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Published: February 27th 2019
Having spent his birthday - 19 February - last year with the grandkids in Copenhagen, this year Kevin wanted to spend it with his Melbourne grandkids. Two of our darling daughters - Kerrii and Nicola - live in the Melbourne suburb of Brunswick East, and, luckily for us Nic has a spare bedroom with ensuite in the apartment she recently bought when she was transferred from Sydney to Melbourne with her job.
So we flew into Avalon Airport early Sunday morning, picked up a hire car and drove to Nic's place to spend a few days in Marvellous Melbourne.
Before long the three of us were off to meet Kerrii, Seb, Grace and Rupert at Fairfield Park Boathouse and Tea Rooms for a family lunch. There is also an Amphitheatre there as well as the lake to have a paddle or row in. In 1908 the Fairfield boathouse was established by John St Clair - a piano tuner from Fitzroy, who had a vision to open a picnic, camping and refreshment room area. Having written to the Victorian Premier with his suggestion the Premier had to seek the approval from Yarra Bend Hospital of the Insane because the proposal
for the boat shed was actually on their hospital grounds. With permission granted, six years later Fairfield Park was also set aside. In the 21st century with events and functions taking place there, it is now once again a popular place to visit and, while we did consider taking out a boat, we piked on that idea and just went for a walk instead.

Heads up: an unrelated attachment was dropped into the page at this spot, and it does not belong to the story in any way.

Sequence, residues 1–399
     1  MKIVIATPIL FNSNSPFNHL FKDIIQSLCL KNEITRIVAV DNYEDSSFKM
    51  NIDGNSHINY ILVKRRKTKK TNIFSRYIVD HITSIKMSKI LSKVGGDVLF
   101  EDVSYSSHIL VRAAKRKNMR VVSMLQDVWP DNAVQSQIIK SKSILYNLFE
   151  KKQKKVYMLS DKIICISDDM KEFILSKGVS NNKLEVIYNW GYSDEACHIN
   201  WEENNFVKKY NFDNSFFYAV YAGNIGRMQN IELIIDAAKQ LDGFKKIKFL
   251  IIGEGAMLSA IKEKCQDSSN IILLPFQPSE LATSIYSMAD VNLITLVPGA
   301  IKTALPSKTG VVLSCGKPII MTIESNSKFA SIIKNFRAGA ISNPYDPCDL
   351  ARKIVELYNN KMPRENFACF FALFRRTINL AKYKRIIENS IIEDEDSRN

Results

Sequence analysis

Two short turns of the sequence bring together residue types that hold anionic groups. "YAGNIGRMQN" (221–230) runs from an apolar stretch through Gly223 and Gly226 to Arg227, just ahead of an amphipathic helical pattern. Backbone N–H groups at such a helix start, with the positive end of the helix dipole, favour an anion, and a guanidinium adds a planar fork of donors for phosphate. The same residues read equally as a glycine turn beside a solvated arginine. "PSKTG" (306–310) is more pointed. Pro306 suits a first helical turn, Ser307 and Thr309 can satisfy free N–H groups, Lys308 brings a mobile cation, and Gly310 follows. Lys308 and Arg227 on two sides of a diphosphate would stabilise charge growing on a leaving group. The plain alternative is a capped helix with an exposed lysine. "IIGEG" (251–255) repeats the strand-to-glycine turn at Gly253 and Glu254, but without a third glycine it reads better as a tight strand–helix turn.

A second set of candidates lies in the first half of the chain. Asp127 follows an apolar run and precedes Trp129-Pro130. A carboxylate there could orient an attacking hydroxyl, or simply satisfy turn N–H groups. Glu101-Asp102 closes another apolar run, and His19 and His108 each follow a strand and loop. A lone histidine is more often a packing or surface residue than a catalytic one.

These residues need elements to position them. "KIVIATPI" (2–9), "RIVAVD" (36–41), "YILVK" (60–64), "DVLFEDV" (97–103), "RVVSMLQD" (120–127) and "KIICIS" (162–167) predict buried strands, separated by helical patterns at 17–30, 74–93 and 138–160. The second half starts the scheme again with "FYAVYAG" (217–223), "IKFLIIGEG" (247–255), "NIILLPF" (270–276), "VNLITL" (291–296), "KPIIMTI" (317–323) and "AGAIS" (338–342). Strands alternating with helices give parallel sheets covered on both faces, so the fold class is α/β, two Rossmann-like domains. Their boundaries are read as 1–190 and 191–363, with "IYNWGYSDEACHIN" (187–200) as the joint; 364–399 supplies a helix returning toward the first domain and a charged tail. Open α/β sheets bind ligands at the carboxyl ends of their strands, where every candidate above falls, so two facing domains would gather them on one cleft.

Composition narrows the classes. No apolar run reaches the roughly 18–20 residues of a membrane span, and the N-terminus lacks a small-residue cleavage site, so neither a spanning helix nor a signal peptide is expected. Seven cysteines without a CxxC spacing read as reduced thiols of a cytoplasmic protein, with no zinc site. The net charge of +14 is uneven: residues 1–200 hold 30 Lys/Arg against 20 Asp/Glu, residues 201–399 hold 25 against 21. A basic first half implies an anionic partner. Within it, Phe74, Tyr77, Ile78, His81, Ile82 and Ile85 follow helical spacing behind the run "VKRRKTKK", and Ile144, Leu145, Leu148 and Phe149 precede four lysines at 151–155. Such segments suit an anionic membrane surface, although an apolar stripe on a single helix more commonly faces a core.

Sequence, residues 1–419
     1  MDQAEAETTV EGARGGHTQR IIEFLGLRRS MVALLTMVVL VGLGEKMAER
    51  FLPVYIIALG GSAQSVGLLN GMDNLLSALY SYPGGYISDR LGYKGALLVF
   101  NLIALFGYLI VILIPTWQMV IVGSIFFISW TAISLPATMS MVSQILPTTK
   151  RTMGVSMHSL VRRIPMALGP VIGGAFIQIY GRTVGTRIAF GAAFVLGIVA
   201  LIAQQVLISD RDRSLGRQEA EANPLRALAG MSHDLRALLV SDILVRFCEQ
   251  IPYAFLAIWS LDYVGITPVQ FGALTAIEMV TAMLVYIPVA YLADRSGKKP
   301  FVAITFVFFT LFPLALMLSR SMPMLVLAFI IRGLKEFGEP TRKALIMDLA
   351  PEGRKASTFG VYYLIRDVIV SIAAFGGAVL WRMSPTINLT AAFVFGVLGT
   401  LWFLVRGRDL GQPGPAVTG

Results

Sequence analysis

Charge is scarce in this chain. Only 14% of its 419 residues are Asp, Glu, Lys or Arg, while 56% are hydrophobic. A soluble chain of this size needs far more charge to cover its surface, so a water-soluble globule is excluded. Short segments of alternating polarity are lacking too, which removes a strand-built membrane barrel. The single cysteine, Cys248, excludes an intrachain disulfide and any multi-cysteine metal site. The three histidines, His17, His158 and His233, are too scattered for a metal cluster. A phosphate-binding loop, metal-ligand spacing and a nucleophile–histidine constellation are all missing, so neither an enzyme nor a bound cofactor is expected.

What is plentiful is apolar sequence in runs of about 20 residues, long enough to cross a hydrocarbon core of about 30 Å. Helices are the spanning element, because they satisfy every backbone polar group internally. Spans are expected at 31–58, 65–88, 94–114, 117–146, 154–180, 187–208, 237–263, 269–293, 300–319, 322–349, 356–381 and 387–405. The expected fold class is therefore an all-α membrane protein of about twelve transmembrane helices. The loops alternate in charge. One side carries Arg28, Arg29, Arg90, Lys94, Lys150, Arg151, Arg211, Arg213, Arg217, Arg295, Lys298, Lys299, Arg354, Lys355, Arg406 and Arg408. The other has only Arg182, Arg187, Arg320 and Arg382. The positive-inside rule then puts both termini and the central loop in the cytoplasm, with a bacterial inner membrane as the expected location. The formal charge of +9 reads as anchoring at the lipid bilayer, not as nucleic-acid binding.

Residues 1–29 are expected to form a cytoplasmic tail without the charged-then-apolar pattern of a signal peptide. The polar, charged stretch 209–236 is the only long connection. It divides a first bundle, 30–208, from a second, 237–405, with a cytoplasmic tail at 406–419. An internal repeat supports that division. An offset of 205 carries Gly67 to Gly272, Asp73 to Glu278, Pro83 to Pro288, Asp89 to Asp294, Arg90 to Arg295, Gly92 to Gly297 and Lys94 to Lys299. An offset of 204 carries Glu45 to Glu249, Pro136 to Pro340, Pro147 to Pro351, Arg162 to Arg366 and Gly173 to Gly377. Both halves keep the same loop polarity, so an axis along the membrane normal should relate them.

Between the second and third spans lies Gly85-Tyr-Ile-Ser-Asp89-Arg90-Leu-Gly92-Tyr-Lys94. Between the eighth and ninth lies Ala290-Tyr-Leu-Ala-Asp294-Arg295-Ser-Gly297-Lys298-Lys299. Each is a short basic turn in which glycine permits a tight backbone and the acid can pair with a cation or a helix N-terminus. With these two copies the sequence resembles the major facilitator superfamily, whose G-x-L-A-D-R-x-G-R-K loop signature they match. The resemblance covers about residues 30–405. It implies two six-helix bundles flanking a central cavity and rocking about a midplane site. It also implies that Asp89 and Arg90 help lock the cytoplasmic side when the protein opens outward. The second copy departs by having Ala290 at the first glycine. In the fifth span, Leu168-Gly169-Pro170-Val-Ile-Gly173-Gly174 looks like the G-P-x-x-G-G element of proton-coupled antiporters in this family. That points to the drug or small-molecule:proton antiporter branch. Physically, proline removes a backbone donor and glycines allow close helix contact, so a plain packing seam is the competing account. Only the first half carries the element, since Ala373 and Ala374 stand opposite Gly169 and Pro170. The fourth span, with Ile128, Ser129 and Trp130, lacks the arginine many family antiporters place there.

Despite enjoying lunch, by the time we got back to Brunswick East, and with many restaurants on Lygon Street within walking distance of Nic's place, on Sunday evening we went to Mama Manoush, a Lebanese restaurant offering contemporary Middle Eastern food. Thoroughly recommended; it was delicious!
Monday, with Nic off to work we caught the tram to Carlton and went to see the movie Green Book
- a road trip set in 1962 when a racist chauffeur Tony Lip takes the African-American pianist and composer Don Shirley from New York to Alabama and back. Based on a true story it shows how ideas can change when you see first-hand the life another person lives. We enjoyed it. Since then of course Green Book
has won the Best Picture at the 2019 Academy Awards, however
Spike Lee was one of the many celebrities to express their displeasure when the night's biggest prize went to Green Book.
Ah well; you can't please all of the people all of the time!
With Kerrii's office just around the corner from the Nova Cinema, Carlton, she was able to join us for lunch after the movie. Then it was off to ACMI in Federation Square to see some of Christian Marclay's The Clock,
a 24-hour video installation created from over 12,000 clips of clocks, watches and other references to time from over 100 years of film and TV history. And it's free! Plus the time on the screen is always the actual time which helps you to keep track of how long you've been there. With very comfy lounge chairs in what was a huge room where it was showing, Kev and I stayed for around 45 minutes before heading home. We had seen some of it a few years ago when it was featured at Sydney's Museum of Contemporary Art but that didn't stop us popping in again the following day at a different time so the film clips were all different. Fascinating!
What a fantastic
night Monday night was! Kev and I went to see the Melbourne Theatre Company's The Lady in the Van